http://www.sciencedaily.com/releases/2005/01/050121100142.htm

Estrogen combines with stress to impair memory

A rat study has found that male and female rats performed equally well on a task involving the prefrontal cortex when under no stress, and when highly stressed, both made significant memory errors. But importantly, after exposure to a moderate level of stress, females were impaired, but males were not. When investigated further, it was found that female rats only showed this sensitivity when they were in a high-estrogen phase of their estrus cycle. The estrogen effect was confirmed in a further study using female rats who had had their ovaries removed, thus enabling the researchers to compare the effects of estrogen versus a placebo. These results suggest that high levels of estrogen can act to enhance the stress response, causing greater stress-related cognitive impairments, while providing reassurance that estrogen appears to have no effect on cognitive performance under non-stressful conditions.

[746] Shansky RM, Glavis-Bloom C, Lerman D, McRae P, Benson C, Miller K, Cosand L, Horvath TL, Arnsten AFT. Estrogen mediates sex differences in stress-induced prefrontal cortex dysfunction. Mol Psychiatry [Internet]. 2003 ;9(5):531 - 538. Available from: http://dx.doi.org/10.1038/sj.mp.4001435

http://www.eurekalert.org/pub_releases/2003-12/mp-epg112603.php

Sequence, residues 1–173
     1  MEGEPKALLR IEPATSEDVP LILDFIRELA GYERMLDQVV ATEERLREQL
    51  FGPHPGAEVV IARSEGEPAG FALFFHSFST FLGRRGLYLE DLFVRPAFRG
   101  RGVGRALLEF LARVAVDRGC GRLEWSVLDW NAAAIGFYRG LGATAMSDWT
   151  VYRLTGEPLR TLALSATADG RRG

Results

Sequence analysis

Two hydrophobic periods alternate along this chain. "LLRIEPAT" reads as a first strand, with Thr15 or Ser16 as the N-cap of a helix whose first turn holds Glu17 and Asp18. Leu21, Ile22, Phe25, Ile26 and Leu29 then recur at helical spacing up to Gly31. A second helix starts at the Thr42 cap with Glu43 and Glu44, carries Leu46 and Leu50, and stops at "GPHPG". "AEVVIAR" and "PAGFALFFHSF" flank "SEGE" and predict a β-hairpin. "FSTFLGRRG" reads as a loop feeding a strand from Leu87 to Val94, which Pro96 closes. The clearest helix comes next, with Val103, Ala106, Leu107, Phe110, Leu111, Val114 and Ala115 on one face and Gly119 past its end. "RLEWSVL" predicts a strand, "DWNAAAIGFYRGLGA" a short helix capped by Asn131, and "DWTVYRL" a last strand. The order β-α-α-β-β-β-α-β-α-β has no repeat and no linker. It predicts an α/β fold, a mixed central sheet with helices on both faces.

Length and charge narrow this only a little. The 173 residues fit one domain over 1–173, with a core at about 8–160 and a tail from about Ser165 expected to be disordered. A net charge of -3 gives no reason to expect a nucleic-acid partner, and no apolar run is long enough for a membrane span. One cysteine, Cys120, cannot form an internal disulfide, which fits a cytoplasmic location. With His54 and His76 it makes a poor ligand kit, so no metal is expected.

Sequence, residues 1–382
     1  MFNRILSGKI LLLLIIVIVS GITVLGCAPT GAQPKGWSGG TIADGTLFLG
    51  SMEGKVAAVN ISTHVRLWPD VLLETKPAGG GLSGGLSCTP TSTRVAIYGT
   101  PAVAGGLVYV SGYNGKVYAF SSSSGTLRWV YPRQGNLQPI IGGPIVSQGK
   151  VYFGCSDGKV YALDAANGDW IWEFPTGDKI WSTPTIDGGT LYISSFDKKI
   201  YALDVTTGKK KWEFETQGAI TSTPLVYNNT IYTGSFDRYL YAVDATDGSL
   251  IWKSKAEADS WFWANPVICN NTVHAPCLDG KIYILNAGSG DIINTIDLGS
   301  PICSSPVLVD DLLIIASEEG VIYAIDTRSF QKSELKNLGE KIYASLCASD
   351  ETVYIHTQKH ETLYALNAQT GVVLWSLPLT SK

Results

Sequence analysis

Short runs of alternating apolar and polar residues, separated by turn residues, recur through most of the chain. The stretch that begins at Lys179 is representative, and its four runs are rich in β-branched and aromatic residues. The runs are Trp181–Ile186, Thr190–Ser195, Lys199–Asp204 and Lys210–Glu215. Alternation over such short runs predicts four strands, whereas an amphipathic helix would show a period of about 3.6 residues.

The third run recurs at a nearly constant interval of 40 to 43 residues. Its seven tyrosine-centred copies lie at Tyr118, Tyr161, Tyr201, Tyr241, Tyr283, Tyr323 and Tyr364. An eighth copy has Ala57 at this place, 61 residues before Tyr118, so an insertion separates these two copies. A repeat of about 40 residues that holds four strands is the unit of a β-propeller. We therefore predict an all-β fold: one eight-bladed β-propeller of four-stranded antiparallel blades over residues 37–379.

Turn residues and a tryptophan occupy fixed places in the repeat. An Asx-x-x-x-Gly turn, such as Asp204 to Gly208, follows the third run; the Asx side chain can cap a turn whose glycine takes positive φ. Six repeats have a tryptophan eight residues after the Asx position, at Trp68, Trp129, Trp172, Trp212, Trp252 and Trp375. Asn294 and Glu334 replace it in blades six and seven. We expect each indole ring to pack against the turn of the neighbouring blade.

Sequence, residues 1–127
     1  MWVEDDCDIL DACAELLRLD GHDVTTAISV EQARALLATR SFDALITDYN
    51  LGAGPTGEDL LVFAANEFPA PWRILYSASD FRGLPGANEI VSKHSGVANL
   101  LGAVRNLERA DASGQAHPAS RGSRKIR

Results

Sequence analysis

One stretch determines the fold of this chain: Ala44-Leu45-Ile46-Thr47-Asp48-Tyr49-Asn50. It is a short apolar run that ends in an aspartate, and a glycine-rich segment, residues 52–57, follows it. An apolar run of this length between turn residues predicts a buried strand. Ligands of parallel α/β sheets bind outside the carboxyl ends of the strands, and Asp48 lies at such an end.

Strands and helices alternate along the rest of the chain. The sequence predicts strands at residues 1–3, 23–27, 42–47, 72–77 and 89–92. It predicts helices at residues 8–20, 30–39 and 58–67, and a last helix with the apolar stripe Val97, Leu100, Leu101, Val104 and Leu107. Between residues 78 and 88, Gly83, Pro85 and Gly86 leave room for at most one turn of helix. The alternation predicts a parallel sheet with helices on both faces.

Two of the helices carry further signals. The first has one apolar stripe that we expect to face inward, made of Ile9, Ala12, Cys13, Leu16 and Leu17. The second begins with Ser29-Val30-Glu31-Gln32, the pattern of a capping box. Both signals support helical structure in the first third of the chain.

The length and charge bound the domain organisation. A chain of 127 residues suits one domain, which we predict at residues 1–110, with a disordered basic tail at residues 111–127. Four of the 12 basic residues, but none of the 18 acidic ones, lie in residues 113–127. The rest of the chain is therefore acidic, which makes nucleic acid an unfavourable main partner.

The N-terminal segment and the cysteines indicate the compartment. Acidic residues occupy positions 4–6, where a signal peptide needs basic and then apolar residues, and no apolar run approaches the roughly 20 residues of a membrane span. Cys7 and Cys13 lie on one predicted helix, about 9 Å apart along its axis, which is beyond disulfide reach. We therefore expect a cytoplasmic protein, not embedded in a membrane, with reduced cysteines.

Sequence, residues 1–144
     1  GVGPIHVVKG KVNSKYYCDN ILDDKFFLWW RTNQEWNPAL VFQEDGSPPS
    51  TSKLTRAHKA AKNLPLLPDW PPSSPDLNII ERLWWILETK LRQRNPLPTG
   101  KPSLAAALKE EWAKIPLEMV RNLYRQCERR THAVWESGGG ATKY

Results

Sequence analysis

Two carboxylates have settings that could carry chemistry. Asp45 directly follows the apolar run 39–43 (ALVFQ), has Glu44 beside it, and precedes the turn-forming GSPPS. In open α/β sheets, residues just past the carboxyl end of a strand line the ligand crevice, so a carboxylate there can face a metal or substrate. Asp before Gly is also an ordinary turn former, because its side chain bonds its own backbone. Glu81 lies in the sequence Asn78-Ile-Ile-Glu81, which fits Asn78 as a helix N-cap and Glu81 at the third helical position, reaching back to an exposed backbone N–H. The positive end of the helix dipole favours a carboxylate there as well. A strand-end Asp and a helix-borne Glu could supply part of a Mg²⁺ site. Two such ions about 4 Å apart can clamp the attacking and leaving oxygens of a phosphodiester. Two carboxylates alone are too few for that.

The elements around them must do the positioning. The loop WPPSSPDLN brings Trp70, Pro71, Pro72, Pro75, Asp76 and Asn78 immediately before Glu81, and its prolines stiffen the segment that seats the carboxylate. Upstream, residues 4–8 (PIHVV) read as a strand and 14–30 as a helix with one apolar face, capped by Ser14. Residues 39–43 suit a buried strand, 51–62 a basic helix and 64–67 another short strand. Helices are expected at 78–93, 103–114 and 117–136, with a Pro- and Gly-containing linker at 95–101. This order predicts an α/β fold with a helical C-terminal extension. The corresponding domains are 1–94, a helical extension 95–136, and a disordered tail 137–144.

No support for idea that pregnancy affects memory and concentration

A study of pregnant women found many agreed with the popular view that pregnancy affects your memory. However, mental tests during pregnancy and after the birth found no difference between the performance of women who were pregnant and those who were not. It was possible that the affects are too mild to be picked up by the tests, or that the fatigue commonly experienced by women during pregnancy and early motherhood leads women to believe that their memory and concentration are affected.

The research was presented at the British Psychological Society annual conference in Bournemouth.

http://news.bbc.co.uk/1/hi/health/2847797.stm

Women better at recognizing female but not male faces

Women’s superiority in face recognition tasks appears to be due to their better recognition of female faces. There was no difference between men and women in the recognition of male faces.

[671] Lewin C, Herlitz A. Sex differences in face recognition--Women's faces make the difference. Brain and Cognition [Internet]. 2002 ;50(1):121 - 128. Available from: http://www.sciencedirect.com/science/article/B6WBY-46WVHDY-C/2/20e92b605a3fb8210460c4766ba66d35

Why women better remember emotional memories

A new brain imaging study reveals gender differences in the encoding of emotional memories. We have long known that women are better at remembering emotional memories, now we can see that the sexes tend to encode emotional experiences in different parts of the brain. In women, it seems that evaluation of emotional experience and encoding of the memory is much more tightly integrated.